Wednesday, September 29, 2010

Causation and entailment

From time to time, one reads the sentiment that if E causes F, then that E occurs does not entail that F occurs. Here is a counterexample. God in a reverberating voice announces that you're going to be terrified. This causes you to be terrified. But that God announces something entails that the announced event will happen.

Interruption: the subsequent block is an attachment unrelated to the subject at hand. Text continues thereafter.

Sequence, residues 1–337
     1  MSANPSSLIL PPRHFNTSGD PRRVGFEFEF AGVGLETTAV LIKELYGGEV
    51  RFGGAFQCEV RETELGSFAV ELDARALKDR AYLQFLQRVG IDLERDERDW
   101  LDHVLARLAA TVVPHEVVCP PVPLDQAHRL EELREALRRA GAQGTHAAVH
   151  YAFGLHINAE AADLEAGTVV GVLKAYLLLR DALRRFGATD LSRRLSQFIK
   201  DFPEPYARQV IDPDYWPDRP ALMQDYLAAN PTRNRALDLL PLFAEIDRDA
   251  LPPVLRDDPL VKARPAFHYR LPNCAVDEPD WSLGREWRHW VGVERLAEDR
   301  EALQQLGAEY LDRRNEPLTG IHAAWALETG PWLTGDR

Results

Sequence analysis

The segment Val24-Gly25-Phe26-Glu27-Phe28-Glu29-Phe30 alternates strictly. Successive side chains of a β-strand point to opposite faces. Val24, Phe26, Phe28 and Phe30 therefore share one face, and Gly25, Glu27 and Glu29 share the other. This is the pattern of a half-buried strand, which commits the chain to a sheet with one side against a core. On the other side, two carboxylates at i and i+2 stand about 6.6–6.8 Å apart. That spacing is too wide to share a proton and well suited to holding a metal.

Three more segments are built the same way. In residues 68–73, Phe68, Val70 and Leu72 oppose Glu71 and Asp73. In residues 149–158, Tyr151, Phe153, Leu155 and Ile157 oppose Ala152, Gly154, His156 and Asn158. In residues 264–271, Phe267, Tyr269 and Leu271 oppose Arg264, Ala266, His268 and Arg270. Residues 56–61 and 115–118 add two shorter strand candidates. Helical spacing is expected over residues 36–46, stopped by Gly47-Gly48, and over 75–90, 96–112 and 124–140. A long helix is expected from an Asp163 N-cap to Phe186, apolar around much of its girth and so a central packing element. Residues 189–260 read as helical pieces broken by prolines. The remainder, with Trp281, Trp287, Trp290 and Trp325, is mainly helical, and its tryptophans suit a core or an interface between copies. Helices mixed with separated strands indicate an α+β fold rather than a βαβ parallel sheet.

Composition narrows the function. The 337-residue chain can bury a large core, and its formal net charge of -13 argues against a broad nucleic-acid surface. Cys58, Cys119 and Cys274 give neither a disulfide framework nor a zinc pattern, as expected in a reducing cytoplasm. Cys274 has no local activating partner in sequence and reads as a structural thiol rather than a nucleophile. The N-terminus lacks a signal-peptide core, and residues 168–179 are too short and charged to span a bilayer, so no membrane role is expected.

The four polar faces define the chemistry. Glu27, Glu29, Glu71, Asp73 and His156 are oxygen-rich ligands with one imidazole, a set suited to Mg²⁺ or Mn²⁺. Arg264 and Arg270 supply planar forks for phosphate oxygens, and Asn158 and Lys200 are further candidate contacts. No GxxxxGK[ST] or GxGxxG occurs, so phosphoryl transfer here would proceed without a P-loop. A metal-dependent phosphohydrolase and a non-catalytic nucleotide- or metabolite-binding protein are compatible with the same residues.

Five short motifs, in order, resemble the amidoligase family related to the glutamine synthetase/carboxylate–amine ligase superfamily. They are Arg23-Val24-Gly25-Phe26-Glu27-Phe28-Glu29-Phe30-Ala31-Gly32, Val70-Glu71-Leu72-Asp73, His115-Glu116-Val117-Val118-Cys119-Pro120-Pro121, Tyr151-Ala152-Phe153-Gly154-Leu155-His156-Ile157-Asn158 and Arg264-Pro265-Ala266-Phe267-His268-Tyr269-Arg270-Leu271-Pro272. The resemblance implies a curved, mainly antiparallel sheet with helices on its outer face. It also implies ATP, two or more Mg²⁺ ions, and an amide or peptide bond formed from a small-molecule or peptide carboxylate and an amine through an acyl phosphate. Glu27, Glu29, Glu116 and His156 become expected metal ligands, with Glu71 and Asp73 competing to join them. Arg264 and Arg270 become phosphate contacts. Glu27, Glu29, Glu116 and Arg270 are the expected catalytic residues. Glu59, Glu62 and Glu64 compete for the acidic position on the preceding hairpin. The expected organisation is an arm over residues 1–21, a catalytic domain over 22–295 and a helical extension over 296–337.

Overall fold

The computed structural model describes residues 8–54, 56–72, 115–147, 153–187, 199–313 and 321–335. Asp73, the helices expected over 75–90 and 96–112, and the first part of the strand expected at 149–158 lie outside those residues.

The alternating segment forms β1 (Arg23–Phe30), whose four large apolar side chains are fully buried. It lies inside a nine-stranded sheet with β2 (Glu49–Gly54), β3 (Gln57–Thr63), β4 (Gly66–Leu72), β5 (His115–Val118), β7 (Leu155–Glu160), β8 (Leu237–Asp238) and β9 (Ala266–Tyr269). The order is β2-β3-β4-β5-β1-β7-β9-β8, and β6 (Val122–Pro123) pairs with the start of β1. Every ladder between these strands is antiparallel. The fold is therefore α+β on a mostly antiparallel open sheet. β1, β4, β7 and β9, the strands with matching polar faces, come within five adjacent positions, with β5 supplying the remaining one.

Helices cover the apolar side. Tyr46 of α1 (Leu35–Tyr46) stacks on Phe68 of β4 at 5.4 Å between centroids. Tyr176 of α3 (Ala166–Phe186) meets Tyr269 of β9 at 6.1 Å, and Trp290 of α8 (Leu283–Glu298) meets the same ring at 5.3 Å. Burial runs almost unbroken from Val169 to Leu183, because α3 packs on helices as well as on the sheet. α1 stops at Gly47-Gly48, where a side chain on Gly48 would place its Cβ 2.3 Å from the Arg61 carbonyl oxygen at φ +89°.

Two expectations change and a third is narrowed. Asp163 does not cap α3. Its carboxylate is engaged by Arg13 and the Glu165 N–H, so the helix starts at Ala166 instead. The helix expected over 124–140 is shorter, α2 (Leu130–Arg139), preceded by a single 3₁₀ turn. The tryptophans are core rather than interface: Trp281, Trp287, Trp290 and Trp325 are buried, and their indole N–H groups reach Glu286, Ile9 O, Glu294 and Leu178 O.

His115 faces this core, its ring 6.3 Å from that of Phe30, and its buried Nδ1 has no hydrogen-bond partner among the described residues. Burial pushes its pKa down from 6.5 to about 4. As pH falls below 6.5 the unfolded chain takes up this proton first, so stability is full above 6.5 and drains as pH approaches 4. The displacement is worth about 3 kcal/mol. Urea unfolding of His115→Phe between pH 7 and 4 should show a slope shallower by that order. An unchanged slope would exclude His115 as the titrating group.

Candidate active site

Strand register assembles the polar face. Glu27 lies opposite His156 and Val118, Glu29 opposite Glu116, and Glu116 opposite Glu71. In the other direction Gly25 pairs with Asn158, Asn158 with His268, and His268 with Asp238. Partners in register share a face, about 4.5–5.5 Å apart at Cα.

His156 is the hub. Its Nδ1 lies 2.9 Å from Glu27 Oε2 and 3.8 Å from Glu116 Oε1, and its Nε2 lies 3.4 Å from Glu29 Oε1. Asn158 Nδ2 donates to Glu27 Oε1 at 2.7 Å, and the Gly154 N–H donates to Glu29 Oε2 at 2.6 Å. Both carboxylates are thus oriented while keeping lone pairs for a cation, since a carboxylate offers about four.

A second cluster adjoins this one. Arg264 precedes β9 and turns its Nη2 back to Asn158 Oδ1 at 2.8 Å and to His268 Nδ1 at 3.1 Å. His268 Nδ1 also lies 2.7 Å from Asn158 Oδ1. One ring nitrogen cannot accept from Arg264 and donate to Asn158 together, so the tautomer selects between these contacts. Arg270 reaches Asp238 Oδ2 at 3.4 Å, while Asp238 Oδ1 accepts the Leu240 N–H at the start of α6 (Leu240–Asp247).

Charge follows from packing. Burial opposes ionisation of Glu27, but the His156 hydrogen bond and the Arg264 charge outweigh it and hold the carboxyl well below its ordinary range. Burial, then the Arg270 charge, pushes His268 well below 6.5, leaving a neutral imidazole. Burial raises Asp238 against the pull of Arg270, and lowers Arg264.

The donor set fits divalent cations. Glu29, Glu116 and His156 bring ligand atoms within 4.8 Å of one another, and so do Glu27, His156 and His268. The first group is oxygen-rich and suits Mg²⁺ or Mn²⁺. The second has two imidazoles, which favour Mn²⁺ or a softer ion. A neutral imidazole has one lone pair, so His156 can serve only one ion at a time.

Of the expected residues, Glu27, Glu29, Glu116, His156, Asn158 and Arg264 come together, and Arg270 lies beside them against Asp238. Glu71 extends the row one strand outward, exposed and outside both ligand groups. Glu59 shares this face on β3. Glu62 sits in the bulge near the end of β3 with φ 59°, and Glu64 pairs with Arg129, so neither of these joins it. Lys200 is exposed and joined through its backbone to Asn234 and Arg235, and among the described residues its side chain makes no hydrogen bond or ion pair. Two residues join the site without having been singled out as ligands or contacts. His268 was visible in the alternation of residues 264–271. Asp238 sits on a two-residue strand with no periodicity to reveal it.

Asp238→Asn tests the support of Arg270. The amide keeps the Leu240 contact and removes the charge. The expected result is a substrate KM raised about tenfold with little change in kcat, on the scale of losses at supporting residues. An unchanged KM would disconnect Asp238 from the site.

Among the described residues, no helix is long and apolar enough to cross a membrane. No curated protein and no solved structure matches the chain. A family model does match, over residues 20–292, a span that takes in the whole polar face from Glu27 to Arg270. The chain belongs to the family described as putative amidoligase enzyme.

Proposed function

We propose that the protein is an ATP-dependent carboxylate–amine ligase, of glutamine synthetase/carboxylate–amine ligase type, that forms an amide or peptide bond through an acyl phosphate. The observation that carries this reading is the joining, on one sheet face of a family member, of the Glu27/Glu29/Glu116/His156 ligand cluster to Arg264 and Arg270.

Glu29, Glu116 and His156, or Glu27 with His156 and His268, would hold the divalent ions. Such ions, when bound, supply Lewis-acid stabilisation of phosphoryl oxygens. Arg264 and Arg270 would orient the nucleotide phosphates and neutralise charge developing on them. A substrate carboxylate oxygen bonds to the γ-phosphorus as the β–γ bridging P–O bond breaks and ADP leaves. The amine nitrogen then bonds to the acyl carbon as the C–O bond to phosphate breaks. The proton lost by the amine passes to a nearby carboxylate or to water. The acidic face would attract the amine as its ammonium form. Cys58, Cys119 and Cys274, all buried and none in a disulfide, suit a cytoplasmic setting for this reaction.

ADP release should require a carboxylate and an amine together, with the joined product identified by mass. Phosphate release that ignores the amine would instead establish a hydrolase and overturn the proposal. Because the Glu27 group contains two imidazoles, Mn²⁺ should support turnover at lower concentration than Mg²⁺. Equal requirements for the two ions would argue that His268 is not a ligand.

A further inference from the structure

Here's another example, perhaps less compelling.  I just figured out, by induction, that I'm not going to be silent all day today.  But I am also the sort of the person who can't keep his mouth shut about what he knows.  So I tell you: "Today I am not going to be silent all day."  Then, my knowing that today I wasn't going to be silent all day caused me not to be silent all day.  But it also entailed it.  (Objection: Belief, not knowledge, enters into causal explanations.  Response: We certainly use knowledge talk in causal explanations.  In any case, this is why this example is less compelling than the first.)

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